This time around, we have returning characters, and we have a lot of new characters, like you’ve mentioned. Did you get to animate the flying characters at all, and even if you didn’t, what was that process figuring out those mechanics as opposed to the swimming, walking, crawling?
Clark: I didn’t animate any flying characters, but the animators that did, I did do some side characters, we look at bats or dragons or insects. They’re all based on other creatures: slugs, bears, monsters that have horns. The other characters I animated are side characters, like a guy playing a guitar and a boring teacher that is just barely moving. It was more personality than movement style or who they were.
Was that Professor Brandywine?
Clark: Yes! That was one of mine. I animated Professor Brandywine, and animated is a very kind term for Professor Brandywine, because he is not an animated character. He is the opposite of animated. He’s boring, you don’t want to take his class. Everyone falls asleep.
You mentioned that even earlier today, you said that animators fall into this trap that everything has to be constantly moving. You have to be shuffling around with this ADHD. That, I think, is a great example of where his personality and character comes across because he is not “animated.”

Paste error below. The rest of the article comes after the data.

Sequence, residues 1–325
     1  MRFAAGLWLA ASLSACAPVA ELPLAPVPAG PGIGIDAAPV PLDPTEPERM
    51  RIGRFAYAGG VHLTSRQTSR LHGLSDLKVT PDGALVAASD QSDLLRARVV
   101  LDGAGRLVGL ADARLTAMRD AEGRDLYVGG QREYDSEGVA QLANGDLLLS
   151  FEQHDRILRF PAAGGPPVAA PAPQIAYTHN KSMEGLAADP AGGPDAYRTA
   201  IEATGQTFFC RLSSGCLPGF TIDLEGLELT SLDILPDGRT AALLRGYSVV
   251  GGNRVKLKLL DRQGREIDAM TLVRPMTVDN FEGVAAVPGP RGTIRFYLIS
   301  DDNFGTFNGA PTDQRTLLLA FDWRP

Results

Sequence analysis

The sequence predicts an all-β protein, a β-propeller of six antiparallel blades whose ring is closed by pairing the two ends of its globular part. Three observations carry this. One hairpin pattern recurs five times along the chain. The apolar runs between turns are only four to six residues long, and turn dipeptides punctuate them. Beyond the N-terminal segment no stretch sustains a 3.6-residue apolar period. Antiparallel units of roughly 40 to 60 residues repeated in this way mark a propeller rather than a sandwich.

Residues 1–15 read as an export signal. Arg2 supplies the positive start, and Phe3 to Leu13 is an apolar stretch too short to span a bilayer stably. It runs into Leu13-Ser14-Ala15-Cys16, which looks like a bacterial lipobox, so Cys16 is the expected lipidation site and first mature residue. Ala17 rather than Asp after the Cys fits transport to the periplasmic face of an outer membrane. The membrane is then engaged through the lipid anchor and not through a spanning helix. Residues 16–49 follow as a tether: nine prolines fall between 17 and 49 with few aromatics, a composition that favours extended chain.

Clark: That’s right. What’s funny about him, he is recognizable. Everyone had that teacher in high school or college that just had the personality of a piece of cardboard. You’re not making this exciting, I am not passionate about math right now or whatever. Insert topic here with that teacher. Please bring some personality to Professor Brandywine. I figure he’s got to have an interesting, passionate life out there somewhere, but who knows. This other character I did was this character guy who was overly smarmy and gooey and he’s got the girls around him. You want to hate the guy because he’s just overly sappy and sentimental. It’s fun to see his guitar get smashed.
We knew that guy too.
Clark: That guy exists in every dorm room across the land.
Exactly. Well, I’m getting the wrap up. Thank you so much. I’m looking forward to the sordid tales of Professor Brandywine.